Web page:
Significantly, however, Congress had not explicitly affirmed anything on this subject. That changed with the now-notorious Section 1021 of the NDAA:
So this provided a congressional codification of the executive branch’s power “to detain covered persons” under the 2001 AUMF. But it also expanded it, giving a legislative imprimatur to previous broad executive and judicial interpretations of the AUMF. The AUMF had spoken only to anyone involved in the 9/11 attacks, in language that the NDAA reproduced in paragraph (b)(1) above. But paragraph (b)(2) defines “covered persons” to also include “a person who was a part of or substantially supported al-Qaeda, the Taliban, or associated forces that are engaged in hostilities against the United States or its coalition partners, including any person who has committed a belligerent act or has directly supported such hostilities in aid of such enemy forces.”
The NDAA provision did not define “associated forces,” “a belligerent act,” or “direct support” — terms which, in the hands of an unscrupulous president, could mean anything, including criticizing the U.S. government.
It does, however, define the “disposition under the law of war” to which covered persons are subject. This can include detention by the military without trial until the 2001 AUMF is repealed, or even transfer to a foreign country:
Does this mean that the NDAA explicitly grants the president the power to detain any U.S. citizen forever? Not exactly. Sen. Dianne Feinstein, D-Calif., attempted to amend the NDAA so that it clarified that the above language did not apply to Americans, but was voted down. However, this paragraph was added to Section 1021:
But there is less here than meets the eye: Again, the executive branch had already successfully claimed that the 2001 AUMF alone gave it the authority to detain Padilla and by extension, other U.S. citizens. So while the NDAA did not affirm this, it also did not repudiate it. It simply appears not to address it — while expanding the universe of malefactors for which a U.S. citizen could be accused of performing “a belligerent act.”
With Padilla and others moved to the civilian court system, the purported presidential power to detain U.S. citizens had for years “flown under the radar because of decisions made during the late Bush administration and the Obama administration that this was more trouble than it’s worth,” according to Deborah Pearlstein, a professor of constitutional and international law at Cardozo Law School. But, she says, it remained “latent.”
This was made clear by Obama’s signing statement for the NDAA. In it, he declared that Section 1021 “does nothing more than confirm authorities that the Federal courts have recognized as lawful under the 2001 AUMF,” but “my Administration will not authorize the indefinite military detention without trial of American citizens.” In other words, the president can hold Americans indefinitely, but Obama himself was choosing not to.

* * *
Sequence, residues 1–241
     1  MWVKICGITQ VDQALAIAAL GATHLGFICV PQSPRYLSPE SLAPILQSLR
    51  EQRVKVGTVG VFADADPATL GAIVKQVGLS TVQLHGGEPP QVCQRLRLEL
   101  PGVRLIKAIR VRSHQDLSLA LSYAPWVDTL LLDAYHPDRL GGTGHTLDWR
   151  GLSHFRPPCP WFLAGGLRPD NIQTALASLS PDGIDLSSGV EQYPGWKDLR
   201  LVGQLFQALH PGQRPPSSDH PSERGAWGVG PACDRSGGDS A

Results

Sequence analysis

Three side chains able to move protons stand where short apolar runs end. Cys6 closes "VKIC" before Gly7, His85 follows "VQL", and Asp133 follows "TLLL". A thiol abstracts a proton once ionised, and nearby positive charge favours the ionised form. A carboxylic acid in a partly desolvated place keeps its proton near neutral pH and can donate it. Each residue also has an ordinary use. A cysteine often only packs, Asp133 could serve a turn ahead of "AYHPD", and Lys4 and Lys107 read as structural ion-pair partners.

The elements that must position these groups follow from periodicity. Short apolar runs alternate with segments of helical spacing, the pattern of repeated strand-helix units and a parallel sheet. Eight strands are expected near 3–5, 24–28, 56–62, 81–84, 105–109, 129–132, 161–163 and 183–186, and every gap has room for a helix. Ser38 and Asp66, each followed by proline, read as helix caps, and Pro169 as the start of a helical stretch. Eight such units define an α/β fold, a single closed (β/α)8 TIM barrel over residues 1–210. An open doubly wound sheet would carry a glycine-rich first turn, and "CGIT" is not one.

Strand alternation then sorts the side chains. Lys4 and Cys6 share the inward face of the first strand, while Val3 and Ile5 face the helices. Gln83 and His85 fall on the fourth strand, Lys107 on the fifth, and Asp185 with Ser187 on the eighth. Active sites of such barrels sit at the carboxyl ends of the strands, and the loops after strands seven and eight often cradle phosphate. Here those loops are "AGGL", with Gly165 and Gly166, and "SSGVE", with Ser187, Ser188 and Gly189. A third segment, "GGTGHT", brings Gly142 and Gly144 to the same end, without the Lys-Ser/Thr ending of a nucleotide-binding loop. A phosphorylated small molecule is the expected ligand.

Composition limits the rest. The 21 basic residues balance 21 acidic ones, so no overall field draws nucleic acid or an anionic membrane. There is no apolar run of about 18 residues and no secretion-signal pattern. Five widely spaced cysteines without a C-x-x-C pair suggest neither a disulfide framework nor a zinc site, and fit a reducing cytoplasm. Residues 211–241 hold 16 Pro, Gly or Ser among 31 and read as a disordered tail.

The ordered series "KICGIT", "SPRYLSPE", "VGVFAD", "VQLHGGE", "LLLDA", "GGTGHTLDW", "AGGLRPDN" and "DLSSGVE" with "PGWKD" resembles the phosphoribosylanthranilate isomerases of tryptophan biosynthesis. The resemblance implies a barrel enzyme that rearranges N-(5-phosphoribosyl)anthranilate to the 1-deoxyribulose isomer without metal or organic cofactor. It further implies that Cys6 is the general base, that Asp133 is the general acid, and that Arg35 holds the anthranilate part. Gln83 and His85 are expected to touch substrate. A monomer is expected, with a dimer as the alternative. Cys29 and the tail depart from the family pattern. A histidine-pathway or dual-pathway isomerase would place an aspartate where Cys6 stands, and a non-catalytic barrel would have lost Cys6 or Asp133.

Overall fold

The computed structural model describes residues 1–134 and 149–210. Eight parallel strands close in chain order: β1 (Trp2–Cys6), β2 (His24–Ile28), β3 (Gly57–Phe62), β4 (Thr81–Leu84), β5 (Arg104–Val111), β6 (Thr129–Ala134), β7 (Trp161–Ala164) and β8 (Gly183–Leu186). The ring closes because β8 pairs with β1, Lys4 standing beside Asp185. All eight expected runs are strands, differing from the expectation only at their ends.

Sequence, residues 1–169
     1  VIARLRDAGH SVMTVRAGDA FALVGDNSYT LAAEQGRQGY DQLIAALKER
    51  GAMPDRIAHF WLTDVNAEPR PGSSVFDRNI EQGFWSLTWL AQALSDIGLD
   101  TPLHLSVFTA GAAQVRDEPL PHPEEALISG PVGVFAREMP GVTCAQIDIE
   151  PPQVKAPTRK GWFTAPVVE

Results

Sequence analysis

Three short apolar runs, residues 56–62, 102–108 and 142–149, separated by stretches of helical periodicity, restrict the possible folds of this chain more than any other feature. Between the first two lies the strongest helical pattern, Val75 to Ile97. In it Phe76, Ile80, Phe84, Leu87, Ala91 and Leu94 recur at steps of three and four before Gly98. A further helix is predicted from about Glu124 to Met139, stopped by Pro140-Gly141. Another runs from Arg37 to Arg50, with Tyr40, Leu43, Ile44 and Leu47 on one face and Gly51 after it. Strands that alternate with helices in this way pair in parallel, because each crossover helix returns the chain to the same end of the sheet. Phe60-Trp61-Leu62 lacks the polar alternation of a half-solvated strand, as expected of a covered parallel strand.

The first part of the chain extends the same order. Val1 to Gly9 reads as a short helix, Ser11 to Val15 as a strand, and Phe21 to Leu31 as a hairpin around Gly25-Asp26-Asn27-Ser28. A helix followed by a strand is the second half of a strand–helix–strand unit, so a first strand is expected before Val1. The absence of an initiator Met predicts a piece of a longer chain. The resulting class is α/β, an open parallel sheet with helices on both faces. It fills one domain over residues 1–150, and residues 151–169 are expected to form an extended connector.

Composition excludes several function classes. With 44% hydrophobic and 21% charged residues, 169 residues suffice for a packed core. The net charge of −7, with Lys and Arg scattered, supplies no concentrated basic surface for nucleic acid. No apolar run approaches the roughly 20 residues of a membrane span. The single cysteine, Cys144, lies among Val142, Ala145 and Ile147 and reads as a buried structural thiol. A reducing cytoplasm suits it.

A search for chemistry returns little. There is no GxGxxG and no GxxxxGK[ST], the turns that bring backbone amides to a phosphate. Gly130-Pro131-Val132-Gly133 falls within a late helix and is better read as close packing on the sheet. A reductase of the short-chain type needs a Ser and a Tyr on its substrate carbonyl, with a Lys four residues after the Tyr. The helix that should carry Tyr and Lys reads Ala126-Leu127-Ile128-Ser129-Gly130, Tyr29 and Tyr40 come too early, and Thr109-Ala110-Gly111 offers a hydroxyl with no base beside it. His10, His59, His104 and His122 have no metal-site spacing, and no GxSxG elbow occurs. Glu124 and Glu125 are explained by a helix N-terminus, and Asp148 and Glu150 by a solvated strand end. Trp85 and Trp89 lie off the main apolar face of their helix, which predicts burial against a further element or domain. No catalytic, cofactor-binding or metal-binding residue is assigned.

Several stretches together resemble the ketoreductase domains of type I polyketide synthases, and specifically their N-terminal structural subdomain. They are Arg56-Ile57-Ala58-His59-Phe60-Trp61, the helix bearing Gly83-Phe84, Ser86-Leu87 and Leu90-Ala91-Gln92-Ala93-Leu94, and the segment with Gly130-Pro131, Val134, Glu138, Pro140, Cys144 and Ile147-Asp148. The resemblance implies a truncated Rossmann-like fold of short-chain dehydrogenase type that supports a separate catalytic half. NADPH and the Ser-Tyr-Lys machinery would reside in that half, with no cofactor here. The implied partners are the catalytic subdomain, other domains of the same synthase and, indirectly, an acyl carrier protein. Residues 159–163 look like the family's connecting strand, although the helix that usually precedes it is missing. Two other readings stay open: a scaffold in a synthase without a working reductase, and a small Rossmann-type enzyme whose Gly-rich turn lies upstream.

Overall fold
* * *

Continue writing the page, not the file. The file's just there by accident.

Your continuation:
On the other hand, supporters of the NDAA’s new provisions excitedly averred that they were new and did apply to U.S. citizens. Sen. Lindsay Graham, R-S.C., claimed that the bill would “basically say in law for the first time that the homeland is part of the battlefield,” and individuals could now be imprisoned by the military without charge, “American citizen or not.”
A group of journalists and human rights activists, including Chris Hedges, Daniel Ellsberg, Noam Chomsky, and Alexa O’Brien, soon sued the government, claiming the NDAA would chill their speech and put them at risk for arrest. Their case had enough merit that U.S. District Judge Katherine Forrest found Section 1021(b)(2) unconstitutional and issued a permanent injunction preventing the government from relying on it. The U.S. Court of Appeals for the 2nd Circuit later vacated the injunction on the basis that the NDAA “has no bearing on the government’s authority to detain the American citizen plaintiffs.”
That brings us to the present day and the proposed new AUMF from Corker and Kaine.
There are often small, banal bits of legislative housekeeping tucked away at the end of bills. The ACLU’s Christopher Anders points out that this appears to be the case with the new AUMF too – unless you read this section very carefully:
This language means that if the Corker-Kaine AUMF becomes law, the NDAA will be amended to read:
Congress affirms that the authority of the President to use all necessary and appropriate force pursuant to the Authorization for Use of Military Force (Public Law 107–40; 50 U.S.C. 1541 note) and the Authorization for Use of Military Force of 2018 [i.e., the Corker-Kaine AUMF].